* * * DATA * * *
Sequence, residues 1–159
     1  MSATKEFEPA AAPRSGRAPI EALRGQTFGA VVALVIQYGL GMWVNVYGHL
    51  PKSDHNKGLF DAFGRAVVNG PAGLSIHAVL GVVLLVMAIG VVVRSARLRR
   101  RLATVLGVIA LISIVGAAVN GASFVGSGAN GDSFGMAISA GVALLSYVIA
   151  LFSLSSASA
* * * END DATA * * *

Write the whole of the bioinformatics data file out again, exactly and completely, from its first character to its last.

Sequence, residues 1–159
     1  MSATKEFEPA AAPRSGRAPI EALRGQTFGA VVALVIQYGL GMWVNVYGHL
    51  PKSDHNKGLF DAFGRAVVNG PAGLSIHAVL GVVLLVMAIG VVVRSARLRR
   101  RLATVLGVIA LISIVGAAVN GASFVGSGAN GDSFGMAISA GVALLSYVIA
   151  LFSLSSASA